Original Research

Religious capital and job engagement among Malaysian Muslim nurses during the COVID-19 pandemic

Hamid Mukhlis, Sulieman Ibraheem Shelash Al-Hawary, Hoang Viet Linh, Ibrahim Rasool Hani, Samar Adnan
HTS Teologiese Studies / Theological Studies | Vol 78, No 1 | a7830 | DOI: https://doi.org/10.4102/hts.v78i1.7830 | © 2022 Hamid Mukhlis, Sulieman Ibraheem Shelash Al-Hawary, Hoang Viet Linh, Ibrahim Rasool Hani, Samar Adnan | This work is licensed under CC Attribution 4.0
Submitted: 09 June 2022 | Published: 06 September 2022

About the author(s)

Hamid Mukhlis, Department of Psychology, Faculty of Social and Business, Aisyah University of Pringsewu, Lampung, Indonesia
Sulieman Ibraheem Shelash Al-Hawary, Department of Business Administration, Faculty of Business, Al al-Bayt University, Mafraq, Jordan
Hoang Viet Linh, Faculty of Business Administration, Van Lang University, Ho Chi Minh, Viet Nam
Ibrahim Rasool Hani, Department of Business Administration, Al-Mustaqbal University College, Babylon, Iraq
Samar Adnan, Faculty of Law, Al-Nisour University College, Baghdad, Iraq


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Abstract

Even if religiosity has long been introduced as the major cause for backwardness by anti-religion philosophers, the divine religion has been an important source of value for individuals and society, encouraging them to shape economic and sociocultural outcomes. In this manner, religiosity and religious capital (RC) are the stimuli for society-wide development. Against this background, religion can have positive implications for enriching individual and social economy. Assigning tasks, providing guidance on productivity and more effort, living a purposeful life, establishing effective socio-economic institutions and assessing functional behaviours in organisational settings are accordingly among the ways in which RC induces economic behaviours. On the other hand, job engagement (JE) has been one of the relatively common concepts within the novel approaches to human resource management. Considering employment and the promotion of standard Islamic culture, how religion and JE are associated is thus of utmost importance. Hence, this study aimed to investigate the effect of RC on JE among 2500 Malaysian Muslim nurses working in Kuala Lumpur and Penang hospitals during the coronavirus disease 2019 (COVID-19) pandemic in 2021, as the statistical population selected via random sampling. A standardised questionnaire was also administered as the data collection tool, whose validity and reliability were confirmed. The SPSS and LISREL software packages were further utilised to analyse the data. The study results revealed that RC had a significant positive effect on nurses’ JE in the course of COVID-19 (p = 0.83, t = 11.94).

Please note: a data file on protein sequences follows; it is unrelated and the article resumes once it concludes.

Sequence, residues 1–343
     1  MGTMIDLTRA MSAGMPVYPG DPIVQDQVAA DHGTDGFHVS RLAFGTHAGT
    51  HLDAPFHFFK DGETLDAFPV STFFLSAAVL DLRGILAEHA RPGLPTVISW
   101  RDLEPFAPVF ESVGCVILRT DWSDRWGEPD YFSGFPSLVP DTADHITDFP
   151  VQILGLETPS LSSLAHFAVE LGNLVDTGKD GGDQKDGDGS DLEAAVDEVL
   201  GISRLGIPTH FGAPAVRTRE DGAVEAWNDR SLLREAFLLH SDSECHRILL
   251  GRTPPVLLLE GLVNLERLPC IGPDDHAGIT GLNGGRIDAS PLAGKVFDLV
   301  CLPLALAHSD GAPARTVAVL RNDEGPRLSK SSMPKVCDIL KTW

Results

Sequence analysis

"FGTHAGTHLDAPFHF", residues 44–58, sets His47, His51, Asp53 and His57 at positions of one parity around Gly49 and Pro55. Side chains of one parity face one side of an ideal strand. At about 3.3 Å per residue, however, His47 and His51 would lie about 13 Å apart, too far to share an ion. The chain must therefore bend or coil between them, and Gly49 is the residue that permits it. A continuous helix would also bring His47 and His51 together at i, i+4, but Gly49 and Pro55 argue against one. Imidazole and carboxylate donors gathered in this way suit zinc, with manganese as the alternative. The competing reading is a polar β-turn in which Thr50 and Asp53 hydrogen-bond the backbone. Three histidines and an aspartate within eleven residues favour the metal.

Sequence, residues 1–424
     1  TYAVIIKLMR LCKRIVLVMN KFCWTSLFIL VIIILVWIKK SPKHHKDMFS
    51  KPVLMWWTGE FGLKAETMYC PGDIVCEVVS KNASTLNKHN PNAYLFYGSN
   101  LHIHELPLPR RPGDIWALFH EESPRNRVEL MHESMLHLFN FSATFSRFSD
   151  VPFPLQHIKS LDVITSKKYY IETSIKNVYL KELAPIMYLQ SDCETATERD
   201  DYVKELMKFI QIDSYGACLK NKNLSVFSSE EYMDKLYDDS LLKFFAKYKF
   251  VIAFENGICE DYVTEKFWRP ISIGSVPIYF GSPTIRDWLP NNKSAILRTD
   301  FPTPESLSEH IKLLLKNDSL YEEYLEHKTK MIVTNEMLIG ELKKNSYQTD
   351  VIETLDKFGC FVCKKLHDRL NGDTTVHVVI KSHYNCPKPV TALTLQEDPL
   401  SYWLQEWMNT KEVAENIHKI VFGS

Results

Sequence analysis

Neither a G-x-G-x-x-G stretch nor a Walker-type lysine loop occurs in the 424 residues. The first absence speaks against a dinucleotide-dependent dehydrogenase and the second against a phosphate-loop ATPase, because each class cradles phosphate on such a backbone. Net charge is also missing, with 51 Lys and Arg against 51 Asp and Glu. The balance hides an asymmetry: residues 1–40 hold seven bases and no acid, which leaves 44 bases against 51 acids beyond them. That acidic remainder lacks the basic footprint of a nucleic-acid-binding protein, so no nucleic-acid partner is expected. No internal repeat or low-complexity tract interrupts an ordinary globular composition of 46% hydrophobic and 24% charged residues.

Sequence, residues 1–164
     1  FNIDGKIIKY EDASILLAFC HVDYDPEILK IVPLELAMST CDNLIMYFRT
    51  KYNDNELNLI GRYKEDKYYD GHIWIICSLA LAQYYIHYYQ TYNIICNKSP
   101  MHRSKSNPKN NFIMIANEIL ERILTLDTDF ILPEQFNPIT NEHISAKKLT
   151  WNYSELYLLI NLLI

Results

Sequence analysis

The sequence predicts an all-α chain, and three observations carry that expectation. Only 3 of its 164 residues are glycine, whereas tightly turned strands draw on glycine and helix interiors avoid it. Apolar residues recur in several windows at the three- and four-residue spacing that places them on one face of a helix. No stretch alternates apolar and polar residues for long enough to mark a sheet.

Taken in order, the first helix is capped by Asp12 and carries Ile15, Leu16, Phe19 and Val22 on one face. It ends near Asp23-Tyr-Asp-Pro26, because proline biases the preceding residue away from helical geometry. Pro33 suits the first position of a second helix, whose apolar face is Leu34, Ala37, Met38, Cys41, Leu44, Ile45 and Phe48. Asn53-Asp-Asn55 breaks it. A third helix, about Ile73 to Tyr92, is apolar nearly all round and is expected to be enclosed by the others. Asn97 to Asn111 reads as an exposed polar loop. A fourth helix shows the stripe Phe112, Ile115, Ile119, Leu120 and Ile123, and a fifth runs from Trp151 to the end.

Contribution: The research findings suggest that reinforcing RC in Islamic societies, such as Malaysia, even during the COVID-19 pandemic, affects nurses’ sense of hope, faith and beliefs regarding their capabilities to achieve career success.


Keywords

religion; Islam; religious; religious capital; job engagement

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